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Greenville Morning Herald
The Greenville Morning Herald grew out of the weekly Greenville Herald, founded in 1869 by John C. Bayne. Edwin Harris purchased the paper in 1884. Although the Herald’s office burned in a fire that destroyed half of Greenville’s town square, Harris rebuilt the business and continued to publish. On September 1, 1890, he brought out the first issue of the daily Morning Herald, which he published in addition to the weekly Herald. The Morning Herald initially consisted of four seven-column pages, but it expanded to eight after 1907.
The front page of the Morning Herald featured local and national news, with advertisements occupying about half of the available space. International news made a prominent appearance for the first time during World War I. Classified advertisements, short social notices, and opinion pieces, mostly reprinted from other newspapers, were distributed throughout the remaining pages. With information on boll weevil control, railroad regulations, and road maintenance, the contents of the Morning Herald reflect Greenville's status as a leading cotton market and agricultural center.
From the early 1920s through the late 1960s, Greenville was known for displaying a large sign emblazoned "The Blackest Land, the Whitest People,” across its main street, and the town has a history of racial tension and violence. One of the most notorious events in Greenville's history occurred on July 28, 1908. Acting on allegations of rape from a white girl, a crowd of over 2,000 people seized a young African-American man named Ted Smith and burned him in the town square. Despite national outrage, city and county officials refused to prosecute the case and even issued statements in support of the action. Although no issues of the Morning Herald pertaining to Smith's lynching seem to have survived, the paper reveals a widespread acceptance of such violence in a 1908 article on another case. The article, which deals with the murder of a sheriff in a neighboring county, concludes with the suggestion, "The negro escaped but posses of citizens are searching for him. Feeling runs high and a lynching may follow the negro's capture." The lynching of Ted Smith was covered extensively in the Greenville Messenger and the Herald's rival, the Greenville Evening Banner. All three papers provide important sources documenting the culture and history of Greenville and Hunt County.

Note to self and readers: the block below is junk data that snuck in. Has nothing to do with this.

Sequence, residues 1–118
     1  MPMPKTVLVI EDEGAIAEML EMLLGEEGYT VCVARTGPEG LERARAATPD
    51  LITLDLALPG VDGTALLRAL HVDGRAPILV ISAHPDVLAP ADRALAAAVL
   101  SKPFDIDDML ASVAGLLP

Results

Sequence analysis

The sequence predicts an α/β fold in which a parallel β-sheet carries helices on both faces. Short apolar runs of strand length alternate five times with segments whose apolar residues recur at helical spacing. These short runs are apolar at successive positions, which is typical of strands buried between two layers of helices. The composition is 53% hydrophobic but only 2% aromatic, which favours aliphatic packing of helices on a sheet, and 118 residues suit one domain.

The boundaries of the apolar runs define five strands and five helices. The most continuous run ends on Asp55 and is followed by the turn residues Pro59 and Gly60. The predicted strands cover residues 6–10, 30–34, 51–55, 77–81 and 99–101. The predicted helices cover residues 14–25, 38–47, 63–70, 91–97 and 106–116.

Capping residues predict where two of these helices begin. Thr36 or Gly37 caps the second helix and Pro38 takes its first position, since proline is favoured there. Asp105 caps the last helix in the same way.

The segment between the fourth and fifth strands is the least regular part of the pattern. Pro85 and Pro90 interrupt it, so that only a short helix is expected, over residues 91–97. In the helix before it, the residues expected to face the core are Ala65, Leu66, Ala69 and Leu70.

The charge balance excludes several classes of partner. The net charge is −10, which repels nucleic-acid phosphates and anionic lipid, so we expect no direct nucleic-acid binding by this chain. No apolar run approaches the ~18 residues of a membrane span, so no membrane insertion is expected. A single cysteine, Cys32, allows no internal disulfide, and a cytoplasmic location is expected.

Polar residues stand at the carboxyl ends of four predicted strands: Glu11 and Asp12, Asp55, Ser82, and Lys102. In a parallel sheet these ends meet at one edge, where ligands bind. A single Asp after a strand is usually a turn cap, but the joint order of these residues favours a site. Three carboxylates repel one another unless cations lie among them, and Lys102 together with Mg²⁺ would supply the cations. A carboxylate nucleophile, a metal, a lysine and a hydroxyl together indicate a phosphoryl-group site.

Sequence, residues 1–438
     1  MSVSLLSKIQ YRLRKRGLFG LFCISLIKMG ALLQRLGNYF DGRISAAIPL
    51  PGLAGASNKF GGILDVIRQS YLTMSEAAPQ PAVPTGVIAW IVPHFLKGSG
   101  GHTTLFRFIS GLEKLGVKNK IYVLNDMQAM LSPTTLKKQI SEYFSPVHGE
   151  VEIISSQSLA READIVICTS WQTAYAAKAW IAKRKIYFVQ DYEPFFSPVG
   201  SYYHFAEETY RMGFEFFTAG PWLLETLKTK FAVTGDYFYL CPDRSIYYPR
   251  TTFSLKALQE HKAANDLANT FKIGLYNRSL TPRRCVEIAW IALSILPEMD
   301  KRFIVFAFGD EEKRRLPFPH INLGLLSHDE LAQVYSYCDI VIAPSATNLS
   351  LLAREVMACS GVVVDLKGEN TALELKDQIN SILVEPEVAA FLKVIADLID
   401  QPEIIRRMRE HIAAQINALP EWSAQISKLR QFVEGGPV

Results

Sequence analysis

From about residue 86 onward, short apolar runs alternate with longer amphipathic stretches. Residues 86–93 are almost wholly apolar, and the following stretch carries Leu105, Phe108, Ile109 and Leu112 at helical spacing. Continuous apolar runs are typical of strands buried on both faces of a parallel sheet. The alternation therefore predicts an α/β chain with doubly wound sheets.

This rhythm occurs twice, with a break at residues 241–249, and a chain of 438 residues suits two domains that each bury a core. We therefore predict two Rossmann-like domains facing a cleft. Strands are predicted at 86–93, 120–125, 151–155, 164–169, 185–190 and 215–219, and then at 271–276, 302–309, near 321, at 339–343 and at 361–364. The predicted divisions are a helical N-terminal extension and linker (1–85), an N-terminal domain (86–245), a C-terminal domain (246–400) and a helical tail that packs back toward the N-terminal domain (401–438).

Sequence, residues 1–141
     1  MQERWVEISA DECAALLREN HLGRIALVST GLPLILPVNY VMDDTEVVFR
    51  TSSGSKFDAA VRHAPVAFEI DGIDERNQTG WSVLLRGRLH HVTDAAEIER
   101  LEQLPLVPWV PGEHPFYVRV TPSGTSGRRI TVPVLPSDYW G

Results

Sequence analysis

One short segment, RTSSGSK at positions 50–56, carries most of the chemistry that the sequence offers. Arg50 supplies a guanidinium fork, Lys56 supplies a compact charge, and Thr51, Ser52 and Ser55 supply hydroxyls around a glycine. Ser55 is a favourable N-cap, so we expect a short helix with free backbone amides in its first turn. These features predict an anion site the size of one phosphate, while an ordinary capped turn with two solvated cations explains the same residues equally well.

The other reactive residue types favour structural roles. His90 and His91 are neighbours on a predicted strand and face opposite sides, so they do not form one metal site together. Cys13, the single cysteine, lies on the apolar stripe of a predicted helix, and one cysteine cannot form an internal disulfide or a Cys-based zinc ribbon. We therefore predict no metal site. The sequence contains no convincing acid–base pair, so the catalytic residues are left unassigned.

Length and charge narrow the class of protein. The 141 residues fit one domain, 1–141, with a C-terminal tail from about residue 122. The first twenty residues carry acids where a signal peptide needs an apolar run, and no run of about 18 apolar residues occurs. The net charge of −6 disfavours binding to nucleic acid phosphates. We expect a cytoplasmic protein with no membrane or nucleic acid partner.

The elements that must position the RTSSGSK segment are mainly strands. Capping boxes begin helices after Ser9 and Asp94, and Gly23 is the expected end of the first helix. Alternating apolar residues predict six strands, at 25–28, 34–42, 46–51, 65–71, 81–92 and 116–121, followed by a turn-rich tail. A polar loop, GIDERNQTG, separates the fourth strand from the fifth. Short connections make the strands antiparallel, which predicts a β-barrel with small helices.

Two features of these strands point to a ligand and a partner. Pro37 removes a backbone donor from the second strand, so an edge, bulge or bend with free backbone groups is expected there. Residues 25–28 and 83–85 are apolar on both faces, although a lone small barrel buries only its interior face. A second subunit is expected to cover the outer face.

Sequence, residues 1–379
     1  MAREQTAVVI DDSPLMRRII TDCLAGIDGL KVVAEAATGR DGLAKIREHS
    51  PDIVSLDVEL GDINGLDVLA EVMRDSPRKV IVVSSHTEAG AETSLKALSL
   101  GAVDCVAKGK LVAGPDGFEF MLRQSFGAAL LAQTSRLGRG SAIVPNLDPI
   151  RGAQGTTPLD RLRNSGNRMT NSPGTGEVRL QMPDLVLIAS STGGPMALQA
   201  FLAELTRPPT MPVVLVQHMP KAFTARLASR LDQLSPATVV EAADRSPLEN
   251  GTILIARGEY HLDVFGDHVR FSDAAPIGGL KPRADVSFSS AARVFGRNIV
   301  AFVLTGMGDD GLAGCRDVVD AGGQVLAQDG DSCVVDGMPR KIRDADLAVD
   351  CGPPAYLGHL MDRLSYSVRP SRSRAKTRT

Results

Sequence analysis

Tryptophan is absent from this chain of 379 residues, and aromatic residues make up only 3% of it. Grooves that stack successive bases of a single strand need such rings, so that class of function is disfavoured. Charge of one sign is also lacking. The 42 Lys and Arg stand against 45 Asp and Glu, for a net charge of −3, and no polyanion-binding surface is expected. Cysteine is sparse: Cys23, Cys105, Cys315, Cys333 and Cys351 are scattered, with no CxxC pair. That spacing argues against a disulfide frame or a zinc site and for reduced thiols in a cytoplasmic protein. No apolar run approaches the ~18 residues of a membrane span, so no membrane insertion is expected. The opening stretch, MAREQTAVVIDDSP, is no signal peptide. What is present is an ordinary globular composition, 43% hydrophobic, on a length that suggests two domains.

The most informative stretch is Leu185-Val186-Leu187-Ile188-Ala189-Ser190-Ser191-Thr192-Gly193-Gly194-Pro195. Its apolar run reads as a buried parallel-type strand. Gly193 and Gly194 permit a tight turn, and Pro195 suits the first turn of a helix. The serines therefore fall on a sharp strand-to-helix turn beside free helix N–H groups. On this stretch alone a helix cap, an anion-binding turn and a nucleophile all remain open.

Harris died in 1912, and in 1914, cotton broker William C. Poole bought the Herald and appointed his son, Tom Reed Poole, as editor and general manager. The Poole family owned the paper until 1956, when the Harte-Hanks group merged it with the Greenville Banner to form the Greenville Herald-Banner. After several other changes in ownership, the newspaper continues in publication. In early 2010, Community Newspaper Holdings, Inc., owned the paper, which operated with a circulation of around 8,000.
Provided by: University of North Texas; Denton, TX